Don’t determine your legend by overdoing the tan

Have you ever heard this urban legend? A young bride-to-be decides she wants to be tan for her wedding day, but only has one day bef
Sandusky Register Staff
May 24, 2010

Have you ever heard this urban legend? A young bride-to-be decides she wants to be tan for her wedding day, but only has one day before she says “I do.”

She goes to every tanning salon in town to make sure her skin is golden brown. After coming home that night the young bride realizes something is wrong — and dies.

The cause of death is that her organs were cooked; she was literally fried like a chicken.

If you haven’t heard this story before, I’m not crazy. It appeared in a magazine, which many young teens, read. But if this story was meant to scare teens to stop tanning, it didn’t work. According to a Medi-Smart article, which polled 10,000 teens ages 12-18, 10 percent of them went to tanning salons, more than half of them young women.

To understand tanning you need to understand exactly what you are doing to your body. You become tan after being exposed to certain amounts of UVA and UVB light. Being exposed causes our skin pigment, which is called melanin, to darken, causing the tan color (or in some unfortunate cases, the orange color).

UVB waves have more energy then UVA waves, which cause them to be more damaging to the skin. This is why the tanning industries say tanning beds are safer than natural sunlight because most tanning beds use 95 percent UVA radiation and only 5 percent UVB.

When exposed to this radiation for long periods of time, or habitually, risks include eye damage, immune system changes, wrinkles and premature aging of the skin. More serious damages include skin cancer.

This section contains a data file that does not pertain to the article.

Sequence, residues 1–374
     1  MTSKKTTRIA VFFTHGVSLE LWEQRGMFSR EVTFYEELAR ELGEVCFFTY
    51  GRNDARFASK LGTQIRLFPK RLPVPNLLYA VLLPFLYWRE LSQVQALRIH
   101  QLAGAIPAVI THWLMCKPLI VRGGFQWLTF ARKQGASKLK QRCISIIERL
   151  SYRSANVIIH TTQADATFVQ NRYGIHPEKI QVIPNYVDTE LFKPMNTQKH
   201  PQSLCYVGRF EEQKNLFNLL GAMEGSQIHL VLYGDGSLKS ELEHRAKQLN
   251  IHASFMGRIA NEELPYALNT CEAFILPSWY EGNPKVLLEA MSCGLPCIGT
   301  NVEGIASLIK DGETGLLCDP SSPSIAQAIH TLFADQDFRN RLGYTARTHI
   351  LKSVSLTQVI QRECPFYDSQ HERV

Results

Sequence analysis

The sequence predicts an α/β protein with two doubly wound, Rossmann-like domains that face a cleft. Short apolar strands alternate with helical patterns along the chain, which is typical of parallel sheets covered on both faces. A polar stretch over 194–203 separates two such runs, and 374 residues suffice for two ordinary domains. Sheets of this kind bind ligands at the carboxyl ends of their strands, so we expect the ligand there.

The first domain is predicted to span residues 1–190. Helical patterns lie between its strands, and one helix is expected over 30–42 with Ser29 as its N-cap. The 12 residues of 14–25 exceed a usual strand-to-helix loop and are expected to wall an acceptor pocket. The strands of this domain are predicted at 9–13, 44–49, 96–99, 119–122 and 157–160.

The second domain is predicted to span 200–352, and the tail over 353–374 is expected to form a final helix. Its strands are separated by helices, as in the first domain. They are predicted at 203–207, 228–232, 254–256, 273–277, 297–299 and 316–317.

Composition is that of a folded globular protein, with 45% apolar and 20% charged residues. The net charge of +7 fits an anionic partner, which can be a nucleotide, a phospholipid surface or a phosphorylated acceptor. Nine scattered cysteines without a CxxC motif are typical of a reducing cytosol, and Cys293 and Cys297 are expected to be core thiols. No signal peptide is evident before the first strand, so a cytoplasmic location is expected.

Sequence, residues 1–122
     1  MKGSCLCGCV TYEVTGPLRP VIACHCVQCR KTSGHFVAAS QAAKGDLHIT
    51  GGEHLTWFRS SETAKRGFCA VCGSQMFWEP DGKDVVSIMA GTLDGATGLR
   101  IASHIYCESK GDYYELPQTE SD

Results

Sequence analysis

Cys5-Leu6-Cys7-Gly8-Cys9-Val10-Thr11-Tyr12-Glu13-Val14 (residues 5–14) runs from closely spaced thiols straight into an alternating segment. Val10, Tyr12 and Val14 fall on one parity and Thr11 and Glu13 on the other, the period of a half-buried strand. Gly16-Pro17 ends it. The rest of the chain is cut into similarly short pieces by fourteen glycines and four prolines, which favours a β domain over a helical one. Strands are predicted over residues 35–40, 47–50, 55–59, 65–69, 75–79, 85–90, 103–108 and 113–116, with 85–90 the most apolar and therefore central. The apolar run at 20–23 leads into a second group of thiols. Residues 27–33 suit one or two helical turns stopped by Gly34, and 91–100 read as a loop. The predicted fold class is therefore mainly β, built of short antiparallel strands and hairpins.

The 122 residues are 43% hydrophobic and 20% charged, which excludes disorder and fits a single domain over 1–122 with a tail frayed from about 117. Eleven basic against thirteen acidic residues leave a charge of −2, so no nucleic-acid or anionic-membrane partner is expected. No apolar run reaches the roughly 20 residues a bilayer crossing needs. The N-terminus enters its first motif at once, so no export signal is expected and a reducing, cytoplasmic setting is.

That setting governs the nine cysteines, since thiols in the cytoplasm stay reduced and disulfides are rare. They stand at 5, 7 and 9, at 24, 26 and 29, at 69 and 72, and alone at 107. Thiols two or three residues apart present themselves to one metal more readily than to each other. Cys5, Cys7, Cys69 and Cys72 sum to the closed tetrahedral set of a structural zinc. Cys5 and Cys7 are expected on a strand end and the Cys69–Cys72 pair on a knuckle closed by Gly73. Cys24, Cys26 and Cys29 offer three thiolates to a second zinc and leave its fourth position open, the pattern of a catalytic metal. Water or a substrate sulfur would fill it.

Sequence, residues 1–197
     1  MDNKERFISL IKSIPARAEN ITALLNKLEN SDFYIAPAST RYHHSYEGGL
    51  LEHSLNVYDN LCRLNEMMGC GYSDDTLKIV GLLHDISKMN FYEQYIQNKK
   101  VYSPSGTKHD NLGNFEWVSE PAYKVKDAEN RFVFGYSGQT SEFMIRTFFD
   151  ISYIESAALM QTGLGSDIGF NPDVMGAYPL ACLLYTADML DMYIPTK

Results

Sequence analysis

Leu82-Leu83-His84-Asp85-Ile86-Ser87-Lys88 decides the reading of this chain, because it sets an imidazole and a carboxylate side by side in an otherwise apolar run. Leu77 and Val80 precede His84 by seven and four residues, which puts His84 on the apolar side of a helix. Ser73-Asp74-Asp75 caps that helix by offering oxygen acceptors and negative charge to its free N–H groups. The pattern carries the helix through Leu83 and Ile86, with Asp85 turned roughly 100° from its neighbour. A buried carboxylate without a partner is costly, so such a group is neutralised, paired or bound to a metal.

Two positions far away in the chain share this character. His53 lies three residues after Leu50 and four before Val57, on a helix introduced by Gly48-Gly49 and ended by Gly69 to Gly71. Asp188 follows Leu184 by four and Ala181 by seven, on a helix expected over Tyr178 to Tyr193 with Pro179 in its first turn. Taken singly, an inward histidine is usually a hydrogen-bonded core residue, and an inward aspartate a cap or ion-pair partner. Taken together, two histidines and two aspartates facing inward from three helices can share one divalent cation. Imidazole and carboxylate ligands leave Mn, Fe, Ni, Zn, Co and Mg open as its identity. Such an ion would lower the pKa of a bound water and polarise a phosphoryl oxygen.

The most common and dangerous type is melanoma. Certain types of people are more at risk to develop this cancer than others, including those with fair skin, blond or light brown hair; those who burn easily; and others who spend large amounts of time outside, but do not tan. Although there are many risks, the solution is simple: stop tanning.

Other safe ways to get a glow, include sunless tanning products, such as spray or lotion, although they may wear off or leave you with unwanted streaks. They don’t, however, leave you with cancer. They work by temporarily dying the top layer of your skin. The color wears off as your skin wears off. At worst, sunless tanners may cause allergic reactions.

Surprisingly, there are some benefits to tanning. We get close to 95 percent of our vitamin D, along with other vitamins, through sunlight. Some studies show that having healthy vitamin D levels may lead to a lesser chance of developing ovarian and colon cancers. Tanning for some people boosts confidence because they feel more beautiful and fit. While this doesn’t make much sense to me, it seems that today’s society pushes tan skin as being an asset.

With prom just around the corner, I suspect that the tanning salons might just be getting busier. While the facts are out there, many young teens are naive and believe they won’t get cancer. Even if they don’t get cancer, tanning leads to wrinkles and premature aging of the skin.

I don’t need to make decisions about tanning. I am just one of the unlucky people who burns like a lobster and then returns to a sheet white color so there isn’t a reason for me to hop into a tanning bed or bathe in the sun.

I know tanning is a personal decision, but it’s a dangerous one as our legendary bride found out. Please think before you tan.